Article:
It is a culmination of events that are getting to investors, said Michael Hartnett, Chief Global Equity Strategist, Bank of American Merrill Lynch Global Research, in a Webcast hosted by BofA today. From the European debt crises and the debt ceiling debate to the downgrade, Hartnett said that while the downgrade itself changes growth prospects directly, it also affects confidence and raises recession risk. “The worry that we all have of course is that the U.S. Treasury yield is really the risk-free rate, so if you raise that risk-free rate, you’re going to lower the appetite for risky assets right across the curve.” It’s a moment in which growth and risk appetite are weakening, and that normally warrants some policy intervention to arrest that decline, he added.
“The world, not just the U.S., is in uncharted waters, and all the ramifications of a debt downgrade of the global reserve currency are unfathomable at this time,” said Doug Coté, Chief Market Strategist at ING Investment Management in a statement from the company. At the same time, Coté notes, many fundamentals remain strong, and he cautions investors to “avoid panic selling” and stay focused on maintaining a properly diversified, long-term strategy. Markets will likely be slow to react to the real implication of the debt downgrade.
ING pointed out the following positive indicators:
- Corporate profits have found a sustainable source of growth in the global economy.
- In the global economy, emerging markets in particular have low debt.
- Manufacturing, although volatile, remains a pillar of the expansion in the U.S. and globally.
- Consumers are resilient and are at near record highs in income and spending despite 9.1% unemployment.
UBS Global Asset Management believes that in the short-term, the credit downgrade will generate further volatility in a market already dealing with a number of broad macroeconomic issues. Longer term, the view is more complicated; on one hand, the implications of the downgrade, though still unclear, are likely to be limited. On the other hand, UBS believes this event is indicative of a broader concern revolving around sovereign fiscal discipline. This is a topic with no simple resolution, and one that will likely continue to be a focus of attention in the foreseeable future.
The following observations were made by several analysts:
- At the asset class level, the potential gains of carrying an overweight exposure to equities have diminished, while the risks have increased. Mary Ann Bartels, Head of Technical Analysis, BofA Merrill Lynch Global Research, said in the BofA Webcast that treasuries continue to be a very safe asset; in fact, the downgrade is ironic because there is a positive response from treasuries - they are a very safe asset for investors to continue to own. The negative response/lack of confidence is with equities, she said. We don’t need to go into “panic mode,” she said, but suggested investors look at their portfolio with their adviser and check to see if there are any tactical moves to make.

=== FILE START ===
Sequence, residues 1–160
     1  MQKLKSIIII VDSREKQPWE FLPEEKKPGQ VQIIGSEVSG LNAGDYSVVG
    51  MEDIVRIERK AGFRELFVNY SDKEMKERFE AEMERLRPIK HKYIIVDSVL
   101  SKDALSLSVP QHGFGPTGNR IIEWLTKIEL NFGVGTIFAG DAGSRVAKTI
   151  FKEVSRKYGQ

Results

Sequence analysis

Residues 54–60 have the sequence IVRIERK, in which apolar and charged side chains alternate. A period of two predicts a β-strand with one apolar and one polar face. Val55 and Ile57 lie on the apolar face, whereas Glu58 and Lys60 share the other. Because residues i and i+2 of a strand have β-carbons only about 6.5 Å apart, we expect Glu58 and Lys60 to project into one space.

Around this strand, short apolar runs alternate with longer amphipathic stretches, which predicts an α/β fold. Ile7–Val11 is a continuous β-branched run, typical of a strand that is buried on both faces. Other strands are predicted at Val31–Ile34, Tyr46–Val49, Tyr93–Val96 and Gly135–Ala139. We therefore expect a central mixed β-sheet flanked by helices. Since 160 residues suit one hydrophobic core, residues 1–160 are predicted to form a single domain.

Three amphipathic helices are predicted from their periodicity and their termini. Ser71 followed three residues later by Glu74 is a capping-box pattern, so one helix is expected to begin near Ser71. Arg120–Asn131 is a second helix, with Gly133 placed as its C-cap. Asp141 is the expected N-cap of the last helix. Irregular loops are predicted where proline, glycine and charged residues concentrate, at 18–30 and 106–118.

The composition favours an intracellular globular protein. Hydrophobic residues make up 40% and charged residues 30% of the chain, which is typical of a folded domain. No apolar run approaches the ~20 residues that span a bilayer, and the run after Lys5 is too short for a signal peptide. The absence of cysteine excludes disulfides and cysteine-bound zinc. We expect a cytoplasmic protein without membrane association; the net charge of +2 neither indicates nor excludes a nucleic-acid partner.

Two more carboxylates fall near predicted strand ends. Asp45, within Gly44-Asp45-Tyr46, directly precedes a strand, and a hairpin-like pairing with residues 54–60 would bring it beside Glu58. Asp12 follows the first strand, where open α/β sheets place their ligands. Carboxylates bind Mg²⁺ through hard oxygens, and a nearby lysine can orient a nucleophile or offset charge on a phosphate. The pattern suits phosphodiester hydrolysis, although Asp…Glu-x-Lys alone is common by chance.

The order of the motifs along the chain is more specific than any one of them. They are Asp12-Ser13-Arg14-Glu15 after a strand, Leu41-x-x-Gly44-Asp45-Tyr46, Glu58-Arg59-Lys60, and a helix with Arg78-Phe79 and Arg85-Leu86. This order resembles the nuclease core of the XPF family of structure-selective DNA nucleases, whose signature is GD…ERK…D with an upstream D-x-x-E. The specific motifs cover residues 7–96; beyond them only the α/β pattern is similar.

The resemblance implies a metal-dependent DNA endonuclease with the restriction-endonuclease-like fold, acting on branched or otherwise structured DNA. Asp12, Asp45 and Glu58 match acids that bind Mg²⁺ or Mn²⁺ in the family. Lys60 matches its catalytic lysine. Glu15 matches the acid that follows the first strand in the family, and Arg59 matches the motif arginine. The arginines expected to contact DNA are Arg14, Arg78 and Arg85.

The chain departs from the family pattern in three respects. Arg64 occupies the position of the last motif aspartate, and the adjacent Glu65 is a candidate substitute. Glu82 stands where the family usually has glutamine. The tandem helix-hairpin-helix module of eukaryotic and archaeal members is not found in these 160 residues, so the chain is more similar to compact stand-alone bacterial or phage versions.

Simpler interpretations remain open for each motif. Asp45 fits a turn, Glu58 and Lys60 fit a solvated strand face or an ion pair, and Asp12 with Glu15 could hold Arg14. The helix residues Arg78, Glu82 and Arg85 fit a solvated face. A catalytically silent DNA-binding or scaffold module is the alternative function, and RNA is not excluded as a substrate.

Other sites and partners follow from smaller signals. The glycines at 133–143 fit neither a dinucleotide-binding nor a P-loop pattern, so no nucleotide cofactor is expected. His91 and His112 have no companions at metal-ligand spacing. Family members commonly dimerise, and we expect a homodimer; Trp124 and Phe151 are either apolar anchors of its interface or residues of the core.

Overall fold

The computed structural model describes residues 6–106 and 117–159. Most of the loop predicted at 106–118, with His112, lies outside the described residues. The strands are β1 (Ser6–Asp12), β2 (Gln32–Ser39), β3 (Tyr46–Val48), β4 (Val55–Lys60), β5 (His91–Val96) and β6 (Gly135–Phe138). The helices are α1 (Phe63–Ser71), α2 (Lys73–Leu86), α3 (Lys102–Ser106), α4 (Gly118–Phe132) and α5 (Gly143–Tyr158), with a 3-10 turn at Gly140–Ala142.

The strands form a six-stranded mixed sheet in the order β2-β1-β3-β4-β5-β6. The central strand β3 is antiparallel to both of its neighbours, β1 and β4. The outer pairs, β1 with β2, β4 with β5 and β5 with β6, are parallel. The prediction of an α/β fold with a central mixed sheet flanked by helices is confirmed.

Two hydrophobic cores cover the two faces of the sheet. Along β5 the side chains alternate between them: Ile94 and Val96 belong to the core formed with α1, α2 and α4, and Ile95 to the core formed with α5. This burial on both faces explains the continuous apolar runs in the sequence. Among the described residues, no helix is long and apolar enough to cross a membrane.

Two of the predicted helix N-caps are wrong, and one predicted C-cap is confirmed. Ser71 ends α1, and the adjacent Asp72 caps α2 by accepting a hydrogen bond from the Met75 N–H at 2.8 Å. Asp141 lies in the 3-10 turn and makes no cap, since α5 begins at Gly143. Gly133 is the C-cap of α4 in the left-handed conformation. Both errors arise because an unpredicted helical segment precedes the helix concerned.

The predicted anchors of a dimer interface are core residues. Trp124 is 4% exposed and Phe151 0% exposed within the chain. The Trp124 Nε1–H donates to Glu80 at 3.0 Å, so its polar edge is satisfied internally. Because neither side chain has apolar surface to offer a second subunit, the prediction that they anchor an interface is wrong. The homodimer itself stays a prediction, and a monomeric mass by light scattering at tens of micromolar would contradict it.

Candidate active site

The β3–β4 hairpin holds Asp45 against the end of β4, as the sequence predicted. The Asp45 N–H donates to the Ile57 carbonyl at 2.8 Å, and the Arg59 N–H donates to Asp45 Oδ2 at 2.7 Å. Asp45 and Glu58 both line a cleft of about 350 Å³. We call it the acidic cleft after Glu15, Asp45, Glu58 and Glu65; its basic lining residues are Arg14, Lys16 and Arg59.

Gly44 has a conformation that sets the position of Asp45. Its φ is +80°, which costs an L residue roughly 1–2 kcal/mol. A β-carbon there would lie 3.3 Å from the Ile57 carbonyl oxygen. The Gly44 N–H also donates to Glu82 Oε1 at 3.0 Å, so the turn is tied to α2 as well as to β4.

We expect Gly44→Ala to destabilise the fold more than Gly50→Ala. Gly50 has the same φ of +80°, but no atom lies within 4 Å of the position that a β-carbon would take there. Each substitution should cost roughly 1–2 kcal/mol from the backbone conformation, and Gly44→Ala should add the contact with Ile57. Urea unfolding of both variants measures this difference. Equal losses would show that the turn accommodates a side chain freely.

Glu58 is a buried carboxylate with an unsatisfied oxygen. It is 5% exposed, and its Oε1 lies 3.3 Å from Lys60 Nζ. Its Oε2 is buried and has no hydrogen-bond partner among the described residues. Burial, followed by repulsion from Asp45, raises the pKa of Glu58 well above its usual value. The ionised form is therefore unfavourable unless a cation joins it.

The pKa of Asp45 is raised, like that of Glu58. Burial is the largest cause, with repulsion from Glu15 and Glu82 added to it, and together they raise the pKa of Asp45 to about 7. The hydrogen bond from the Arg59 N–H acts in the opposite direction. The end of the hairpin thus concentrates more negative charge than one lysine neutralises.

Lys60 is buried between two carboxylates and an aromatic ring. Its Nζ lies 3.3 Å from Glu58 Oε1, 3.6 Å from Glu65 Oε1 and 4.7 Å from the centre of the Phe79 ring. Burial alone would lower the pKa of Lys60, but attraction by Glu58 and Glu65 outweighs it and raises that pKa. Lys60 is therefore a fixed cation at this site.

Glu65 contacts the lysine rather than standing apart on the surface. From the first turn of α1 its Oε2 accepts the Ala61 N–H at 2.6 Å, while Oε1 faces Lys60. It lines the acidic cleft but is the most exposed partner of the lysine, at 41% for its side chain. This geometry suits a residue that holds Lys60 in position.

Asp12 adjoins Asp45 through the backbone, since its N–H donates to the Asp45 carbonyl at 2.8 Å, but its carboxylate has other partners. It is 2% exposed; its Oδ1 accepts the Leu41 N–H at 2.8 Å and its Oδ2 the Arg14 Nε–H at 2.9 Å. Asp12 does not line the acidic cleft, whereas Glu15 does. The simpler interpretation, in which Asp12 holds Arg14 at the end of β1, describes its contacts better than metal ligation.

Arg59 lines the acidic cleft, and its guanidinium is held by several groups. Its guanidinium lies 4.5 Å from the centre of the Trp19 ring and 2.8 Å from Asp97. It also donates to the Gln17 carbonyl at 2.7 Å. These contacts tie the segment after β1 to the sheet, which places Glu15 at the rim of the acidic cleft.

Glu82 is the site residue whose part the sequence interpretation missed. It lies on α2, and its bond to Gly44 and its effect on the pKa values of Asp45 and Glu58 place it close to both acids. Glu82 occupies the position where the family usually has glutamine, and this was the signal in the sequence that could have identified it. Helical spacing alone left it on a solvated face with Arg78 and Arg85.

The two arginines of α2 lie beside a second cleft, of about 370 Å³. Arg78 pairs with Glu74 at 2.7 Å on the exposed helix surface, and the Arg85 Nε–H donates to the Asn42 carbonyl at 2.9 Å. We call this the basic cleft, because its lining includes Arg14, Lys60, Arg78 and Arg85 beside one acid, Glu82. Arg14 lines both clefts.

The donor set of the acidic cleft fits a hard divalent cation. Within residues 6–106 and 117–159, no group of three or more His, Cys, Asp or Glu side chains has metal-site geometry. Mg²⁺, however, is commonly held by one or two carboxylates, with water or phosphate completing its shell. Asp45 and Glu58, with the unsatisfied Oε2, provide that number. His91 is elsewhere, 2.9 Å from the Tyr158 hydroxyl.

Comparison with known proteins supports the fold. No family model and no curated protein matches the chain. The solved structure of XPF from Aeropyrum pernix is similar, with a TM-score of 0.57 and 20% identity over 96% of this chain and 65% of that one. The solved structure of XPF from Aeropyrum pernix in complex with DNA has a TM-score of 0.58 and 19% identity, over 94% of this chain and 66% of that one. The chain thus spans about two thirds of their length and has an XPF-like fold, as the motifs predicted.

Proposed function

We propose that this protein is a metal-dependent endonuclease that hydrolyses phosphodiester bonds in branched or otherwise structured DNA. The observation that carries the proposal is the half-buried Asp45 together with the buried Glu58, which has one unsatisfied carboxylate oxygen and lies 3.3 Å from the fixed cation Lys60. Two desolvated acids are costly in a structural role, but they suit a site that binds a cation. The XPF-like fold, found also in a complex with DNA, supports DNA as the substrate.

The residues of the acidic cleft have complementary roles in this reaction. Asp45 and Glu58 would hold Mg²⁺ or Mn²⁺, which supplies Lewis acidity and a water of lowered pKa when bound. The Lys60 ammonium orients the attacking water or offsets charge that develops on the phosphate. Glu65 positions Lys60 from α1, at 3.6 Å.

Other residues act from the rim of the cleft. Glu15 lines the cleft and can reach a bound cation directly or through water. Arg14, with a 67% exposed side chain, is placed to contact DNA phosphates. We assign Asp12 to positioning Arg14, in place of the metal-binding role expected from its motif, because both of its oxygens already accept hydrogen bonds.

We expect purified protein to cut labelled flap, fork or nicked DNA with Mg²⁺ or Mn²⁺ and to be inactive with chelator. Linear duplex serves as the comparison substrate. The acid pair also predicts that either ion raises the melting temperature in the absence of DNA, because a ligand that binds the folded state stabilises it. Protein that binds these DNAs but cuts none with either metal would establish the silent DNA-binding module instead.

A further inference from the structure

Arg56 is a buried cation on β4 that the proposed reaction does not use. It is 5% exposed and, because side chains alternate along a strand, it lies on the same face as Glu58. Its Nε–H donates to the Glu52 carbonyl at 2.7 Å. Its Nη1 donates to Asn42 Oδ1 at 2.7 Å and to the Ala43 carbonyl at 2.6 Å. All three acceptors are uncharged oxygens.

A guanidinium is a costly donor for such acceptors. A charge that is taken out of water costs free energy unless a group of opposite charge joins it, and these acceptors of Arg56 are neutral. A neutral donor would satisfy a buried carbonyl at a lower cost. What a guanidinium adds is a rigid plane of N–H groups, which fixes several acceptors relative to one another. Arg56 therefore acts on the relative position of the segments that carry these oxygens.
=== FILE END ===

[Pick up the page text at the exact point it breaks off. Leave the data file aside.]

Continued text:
- UBS noted that the timing of the downgrade is aclear negative for risky assets, given the sovereign debt issues in Europe. The credibility of policy makers has been undermined by the conflicts/delays in Europe and the US, which has eroded the confidence of governments and central banks.
- Equity markets—which have traditionally anticipated economic trends—have instead become reactive to economic data points, developing a coincident relationship.
- U.S. corporate operating performance remains strong. U.S. corporations have combined strong expense and working capital management with exposure to international markets that have better growth, to post sustained earnings growth despite the weaker-than-expected economic data.
Hartnett from BofA Merrill Lynch concluded that there are three things to look for; first, the bond yield to stop falling–“That’s critical to show that the economic situation is not falling any further,” he said. Same goes for the banking stocks, because they’re the most cyclical part of the equity market. The third indicator is oil prices, which he said have reversed dramatically and that gas prices should go down in the second half, which might spur some consumer spending. “Bond yields, banking stocks, and oil prices are key indicators of the economy’s direction,” he said.